This week in 1917 two days after Lenin had proclaimed a Bolshevik Revolution, Cossacks formed an independent confederation.
This was the origin of the Volunteer Army, one of the main White groups fighting the Red or Bolsheviks in the Russian Civil War.
Supporters of the ousted Kerensky fought back against the Bolsheviks in Moscow and St Petersburg.
The Latvian Rifle Division defeated them in bloody street battles.
By week’s end, 4000 Whites and Reds were dead.
Eventually, the Russian Civil War, the Red and White Terrors that accompanied it and the 1921 Famine that was caused by it would claim upwards of nine million lives.
In the meantime, Trotsky attempted to negotiate a peace treaty with the Germans.
The Germans’ price for a treaty was one third of all Russian territory and 75 per cent of its industry and industrial resources.
Now that Gaza had fallen, General Allenby’s forces began to force its way northwards towards Jerusalem.
The advance was fast moving.
First Ascalon and then Jaffa fell this week.
The Arab army under Prince Faisal and Lawrence protected the flank of the British and Empire forces. A demoralised Turkish army was on the run.
The French Government fell this week.
In its place, Georges Clemenceau, ‘‘the Tiger’’ formed a new Government.
When asked his policy, he replied: ‘‘On internal policy, I wage war. On foreign policy, I wage war.’’
With a determination to see Germany utterly crushed, he would be opposed to imposing a reasonable peace treaty on Germany at Versailles.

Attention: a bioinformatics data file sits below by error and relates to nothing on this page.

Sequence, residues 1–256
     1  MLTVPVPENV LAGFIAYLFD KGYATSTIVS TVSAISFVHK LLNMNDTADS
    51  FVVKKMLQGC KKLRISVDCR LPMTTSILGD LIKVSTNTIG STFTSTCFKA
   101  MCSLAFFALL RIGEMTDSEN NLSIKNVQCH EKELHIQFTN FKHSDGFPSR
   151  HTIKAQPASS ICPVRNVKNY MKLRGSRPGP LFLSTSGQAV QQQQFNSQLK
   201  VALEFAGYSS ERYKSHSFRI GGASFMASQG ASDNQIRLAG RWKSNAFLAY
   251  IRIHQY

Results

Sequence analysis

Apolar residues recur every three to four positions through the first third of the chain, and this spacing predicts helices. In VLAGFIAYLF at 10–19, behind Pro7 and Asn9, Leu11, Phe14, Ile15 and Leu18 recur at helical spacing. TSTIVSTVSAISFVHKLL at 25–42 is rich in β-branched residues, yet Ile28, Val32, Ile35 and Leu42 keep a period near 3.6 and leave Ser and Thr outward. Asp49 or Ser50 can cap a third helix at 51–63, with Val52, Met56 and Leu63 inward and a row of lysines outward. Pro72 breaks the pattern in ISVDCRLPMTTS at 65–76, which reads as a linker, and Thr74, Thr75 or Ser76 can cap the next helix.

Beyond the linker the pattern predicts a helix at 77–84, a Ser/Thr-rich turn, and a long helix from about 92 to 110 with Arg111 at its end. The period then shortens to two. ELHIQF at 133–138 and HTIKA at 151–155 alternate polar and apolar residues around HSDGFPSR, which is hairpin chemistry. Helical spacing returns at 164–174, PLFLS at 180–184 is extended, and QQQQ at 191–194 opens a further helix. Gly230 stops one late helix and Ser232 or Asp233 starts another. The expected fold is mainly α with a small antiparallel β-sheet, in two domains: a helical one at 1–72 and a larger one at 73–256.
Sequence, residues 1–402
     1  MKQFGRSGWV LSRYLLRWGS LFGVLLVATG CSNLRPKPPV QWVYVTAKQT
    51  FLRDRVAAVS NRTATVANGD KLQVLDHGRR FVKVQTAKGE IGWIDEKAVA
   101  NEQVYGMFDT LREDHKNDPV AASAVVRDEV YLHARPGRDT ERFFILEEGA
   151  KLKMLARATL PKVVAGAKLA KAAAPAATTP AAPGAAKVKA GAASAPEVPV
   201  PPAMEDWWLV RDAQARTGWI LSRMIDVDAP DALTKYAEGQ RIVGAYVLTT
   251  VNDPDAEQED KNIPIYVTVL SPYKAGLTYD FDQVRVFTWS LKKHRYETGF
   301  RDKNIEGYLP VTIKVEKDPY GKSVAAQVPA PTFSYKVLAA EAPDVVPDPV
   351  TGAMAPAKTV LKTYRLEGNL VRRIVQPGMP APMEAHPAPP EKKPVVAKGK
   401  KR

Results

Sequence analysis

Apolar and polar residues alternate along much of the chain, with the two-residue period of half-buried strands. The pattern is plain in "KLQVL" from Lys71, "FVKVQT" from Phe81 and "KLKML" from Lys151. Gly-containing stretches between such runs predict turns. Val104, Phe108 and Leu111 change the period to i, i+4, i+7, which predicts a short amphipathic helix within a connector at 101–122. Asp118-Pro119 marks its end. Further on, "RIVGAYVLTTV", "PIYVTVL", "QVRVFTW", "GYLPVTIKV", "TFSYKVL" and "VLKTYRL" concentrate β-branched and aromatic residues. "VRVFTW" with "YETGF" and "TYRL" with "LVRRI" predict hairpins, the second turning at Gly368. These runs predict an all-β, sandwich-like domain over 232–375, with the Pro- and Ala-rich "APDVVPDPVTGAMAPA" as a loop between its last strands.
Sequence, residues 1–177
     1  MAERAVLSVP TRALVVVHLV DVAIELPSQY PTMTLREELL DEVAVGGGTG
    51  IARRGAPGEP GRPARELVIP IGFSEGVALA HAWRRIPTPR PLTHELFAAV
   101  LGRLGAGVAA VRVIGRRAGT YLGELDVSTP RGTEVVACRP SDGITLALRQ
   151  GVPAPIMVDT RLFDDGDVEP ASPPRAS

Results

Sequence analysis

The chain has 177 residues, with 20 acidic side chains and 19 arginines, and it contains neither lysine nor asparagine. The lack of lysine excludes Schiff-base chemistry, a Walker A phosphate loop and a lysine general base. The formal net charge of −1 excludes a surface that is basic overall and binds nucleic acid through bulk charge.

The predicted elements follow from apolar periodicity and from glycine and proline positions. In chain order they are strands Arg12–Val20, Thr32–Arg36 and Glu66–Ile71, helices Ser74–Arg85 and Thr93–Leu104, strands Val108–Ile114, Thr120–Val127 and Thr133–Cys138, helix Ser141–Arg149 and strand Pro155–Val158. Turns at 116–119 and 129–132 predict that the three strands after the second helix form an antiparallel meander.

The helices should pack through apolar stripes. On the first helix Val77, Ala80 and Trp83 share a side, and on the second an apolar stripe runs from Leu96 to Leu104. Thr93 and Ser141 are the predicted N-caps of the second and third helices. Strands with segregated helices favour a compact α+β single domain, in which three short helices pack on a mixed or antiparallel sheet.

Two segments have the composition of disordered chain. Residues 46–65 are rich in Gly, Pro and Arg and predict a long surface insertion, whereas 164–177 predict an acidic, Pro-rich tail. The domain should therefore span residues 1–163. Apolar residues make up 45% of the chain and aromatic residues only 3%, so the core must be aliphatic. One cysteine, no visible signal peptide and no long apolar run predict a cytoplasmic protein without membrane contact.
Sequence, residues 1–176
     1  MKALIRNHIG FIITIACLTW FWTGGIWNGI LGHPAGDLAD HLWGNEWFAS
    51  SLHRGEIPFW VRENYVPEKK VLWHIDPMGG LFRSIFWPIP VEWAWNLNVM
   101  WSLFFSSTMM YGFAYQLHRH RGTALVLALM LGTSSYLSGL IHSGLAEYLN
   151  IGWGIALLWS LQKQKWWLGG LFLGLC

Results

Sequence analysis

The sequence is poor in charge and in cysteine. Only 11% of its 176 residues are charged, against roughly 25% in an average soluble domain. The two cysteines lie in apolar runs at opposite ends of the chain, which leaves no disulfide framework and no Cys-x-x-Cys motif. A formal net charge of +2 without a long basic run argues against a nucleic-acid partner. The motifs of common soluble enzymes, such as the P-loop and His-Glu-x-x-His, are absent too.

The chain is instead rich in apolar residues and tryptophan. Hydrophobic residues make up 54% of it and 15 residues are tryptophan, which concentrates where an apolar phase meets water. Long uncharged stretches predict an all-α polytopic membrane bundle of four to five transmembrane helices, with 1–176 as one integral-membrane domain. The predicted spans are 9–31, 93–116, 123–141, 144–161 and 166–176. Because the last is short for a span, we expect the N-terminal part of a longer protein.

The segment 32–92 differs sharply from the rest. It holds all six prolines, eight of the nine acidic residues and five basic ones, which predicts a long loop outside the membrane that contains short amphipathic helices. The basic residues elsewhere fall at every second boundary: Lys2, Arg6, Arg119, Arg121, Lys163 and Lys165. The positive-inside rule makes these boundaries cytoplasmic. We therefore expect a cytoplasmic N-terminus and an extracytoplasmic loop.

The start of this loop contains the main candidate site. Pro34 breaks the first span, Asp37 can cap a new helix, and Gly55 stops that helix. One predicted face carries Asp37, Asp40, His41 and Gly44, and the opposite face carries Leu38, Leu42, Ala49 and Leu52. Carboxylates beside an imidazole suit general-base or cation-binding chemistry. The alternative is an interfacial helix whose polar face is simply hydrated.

Meanwhile, Victorian State Elections had seen Alexander Peacock’s Liberals returned to government by a crushing 44 to 21 majority.
Before all results were in, the Kyneton Guardian indulged in wishful thinking with a headline that read ‘‘Peacock Ministry Defeated’’.
The Prime Minister announced at Bendigo this week that he intended to introduce conscription.
It would start after another referendum was held.
Single men, not in an essential service and who did not have a brother or father already in the AIF, would be conscripted by ballot.
Only where voluntary enlistments fell short of 7000 per month needed for reinforcements, would men be forced to enlist to make up the number needed.
In Benalla, to raise money for the Red Cross, a group of Benalla’s young women dressed up as slaves. Six dressed as male slaves.
In front of a log cabin, they presented a song, dance and comedy show. In form, the show closely mimicked minstrel shows that had toured Benalla and Victoria in recent years. They raised $60.
— John Barry, Anzac Commemorative Working Party, Coo-ee — Honouring our WWI heroes